Seaglider Technology Licensed

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The Seaglider represents a decade of effort in the School of Oceanography and the Applied Physics Laboratory. These low-power autonomous vehicles profile the upper 1000 meters of the water column for extended periods, communicating with shore after each dive.

seaglider_components.jpg

Over the past year the development team, with the help of UW Technology Transfer, has been working toward commercialization of this technology. We are pleased that iRobot has licensed the core technology.

Congratulations to the Oceanography faculty, staff, students and alumni on the developer team: Charlie Eriksen, Jim Osse, Jim Bennett, Neil Bogue, Craig Lee, Geoff Shilling, Fritz Stahr, Troy Swanson, John Ballard, Andy Chiodi, Randy Fabro, Bill Fredericks, Amanda Gray, Mike Johnson, Karl Kunkle, John Kumph, and Kirk O'Donnell.

iRobot Enters Autonomous Underwater Vehicle Market

License with UW TechTransfer Secures Sole Rights to the Seaglider™ Vehicle, and Technology

San Diego, Calif., (AUVSI Booth #1121) and Bedford, Mass., June 10, 2008 – iRobot Corp. (Nasdaq: IRBT) today announced a sole licensing agreement with UW TechTransfer at the University of Washington to commercialize Autonomous Underwater Vehicle (AUV) Seaglider technology previously supported by the Office of Naval Research and the National Science Foundation. The agreement with both the Applied Physics Laboratory and School of Oceanography reinforces the company’s strong ties to world class academics.

“We have a strong track record for transferring new technology from research initiatives into products that support military missions,” said Helen Greiner, co-founder and chairman of iRobot. “Ten years ago we transformed the original PackBot into a combat-proven robot used today by soldiers in Iraq and Afghanistan, and licensing the Seaglider from the University of Washington will help our robots conquer new underwater frontiers.”

Seagliders help civilian, academic and military personnel make oceanographic measurements at a fraction of the cost of traditional research vessels or moored instruments. These long-range, high-endurance vehicles economize on energy consumption with a buoyancy-based propulsion system to support mission ranges of thousands of kilometers and deployments lasting weeks to several months. Instruments can be attached to the Seaglider to persistently collect oceanic physical properties across a range of depths and areas, providing valuable insights to oceanographers and military planners.

“This is a wonderful example of the University of Washington’s commitment to build partnerships with industry, and to successfully transfer innovative research to the commercial sector. Our federal sponsors expect the University to be able to transition technology from the academic laboratory into the marketplace. We’re delighted to have formed a great relationship with iRobot. We’re convinced that their strength in building autonomous robots is a terrific fit for the Seaglider technology,” explains Russell McDuff, Director of the School of Oceanography.”

The Office of Naval Research funded the original research and development behind Seaglider technology beginning in 1995 and is currently testing this vehicle for additional applications. More than 70 Seagliders have been delivered and are currently in operation all over the world. Recent deployments include waters off Norway, Greenland, Taiwan, the Philippines and Iceland.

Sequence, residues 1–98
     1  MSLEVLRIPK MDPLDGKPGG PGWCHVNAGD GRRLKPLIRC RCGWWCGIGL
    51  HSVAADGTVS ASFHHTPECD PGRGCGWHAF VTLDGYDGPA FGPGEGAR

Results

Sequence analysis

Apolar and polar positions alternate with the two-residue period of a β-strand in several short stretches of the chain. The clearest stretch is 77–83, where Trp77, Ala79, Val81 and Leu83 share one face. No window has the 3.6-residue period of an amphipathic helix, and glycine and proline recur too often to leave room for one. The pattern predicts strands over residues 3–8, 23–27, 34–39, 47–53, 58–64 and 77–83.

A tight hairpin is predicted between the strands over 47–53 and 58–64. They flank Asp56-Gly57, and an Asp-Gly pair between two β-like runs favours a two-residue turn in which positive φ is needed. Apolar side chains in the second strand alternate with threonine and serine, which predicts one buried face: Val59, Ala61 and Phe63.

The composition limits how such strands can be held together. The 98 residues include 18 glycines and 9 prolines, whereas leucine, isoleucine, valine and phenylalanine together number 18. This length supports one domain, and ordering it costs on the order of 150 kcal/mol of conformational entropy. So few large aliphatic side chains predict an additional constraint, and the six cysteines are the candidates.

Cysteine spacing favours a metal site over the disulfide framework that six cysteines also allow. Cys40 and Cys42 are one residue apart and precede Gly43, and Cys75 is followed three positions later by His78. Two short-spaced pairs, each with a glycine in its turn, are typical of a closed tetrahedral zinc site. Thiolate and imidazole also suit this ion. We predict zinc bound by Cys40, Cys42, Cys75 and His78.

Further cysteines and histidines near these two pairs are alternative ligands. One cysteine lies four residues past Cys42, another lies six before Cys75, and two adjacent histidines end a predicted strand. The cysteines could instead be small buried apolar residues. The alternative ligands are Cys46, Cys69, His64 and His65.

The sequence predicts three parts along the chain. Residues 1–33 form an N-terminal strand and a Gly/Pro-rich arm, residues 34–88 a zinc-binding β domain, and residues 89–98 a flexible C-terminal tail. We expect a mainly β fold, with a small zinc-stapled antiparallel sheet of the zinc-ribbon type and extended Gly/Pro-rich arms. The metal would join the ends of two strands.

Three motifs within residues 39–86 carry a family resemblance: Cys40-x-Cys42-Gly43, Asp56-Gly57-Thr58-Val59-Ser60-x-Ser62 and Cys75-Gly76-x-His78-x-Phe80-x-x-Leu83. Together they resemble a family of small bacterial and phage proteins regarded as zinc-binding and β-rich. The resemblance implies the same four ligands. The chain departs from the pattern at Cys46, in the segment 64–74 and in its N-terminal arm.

About UW TechTransfer

Established in 1982, UW TechTransfer facilitates the commercialization of new innovations arising from UW research through the management and licensing of intellectual property. Since the department’s founding, UW TechTransfer has helped create more than 235 companies in Washington state and abroad. In FY07, UW TechTransfer generated $38 million in total revenue from all sources. Additionally, UW TechTransfer manages a total patent portfolio of over 2000 issued and pending patents filed in the U.S. and around the world. For additional information about UW TechTransfer, visit http://depts.washington.edu/techtran/.

About iRobot Corp.

iRobot is a provider of robots that perform dull, dirty or dangerous missions in a better way. The company's proprietary technology, iRobot AWARE™ Robot Intelligence Systems, incorporates advanced concepts in navigation, mobility, manipulation and artificial intelligence. This proprietary system enables iRobot to build behavior-based robots, including its family of consumer and military robots. For additional information about iRobot, visit http://www.irobot.com.

More information on Seagliders can be found on the Seaglider Fabrication Center and APL webs and in the UW press release:

iRobot secures licensing agreement for UW's Seagliders: "University of Washington record-holding, ocean-observing robots that operate at sea for months at a time - traveling thousands of miles at the behest of operators on land directing activities via a satellite phone network - will be commercially produced by iRobot under a licensing agreement announced this week."

(Via uwnews.org | RSS | UW News Releases (all categories) | University of Washington Office of News and Information.)

A creative graphic featuring Slim Pickens/Maj. T.J. 'King' Kong of Dr. Strangelove

About this Entry

This page contains a single entry by Russ McDuff published on June 9, 2008 2:53 PM.

Graduation 2008 was the previous entry in this blog.

Ginger Armbrust Named Lowell and Frankie Wakefield Professor is the next entry in this blog.

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About this Entry

This page contains a single entry by Russ McDuff published on June 9, 2008 2:53 PM.

Graduation 2008 was the previous entry in this blog.

Ginger Armbrust Named Lowell and Frankie Wakefield Professor is the next entry in this blog.

Find recent content on the main index or look in the archives to find all content.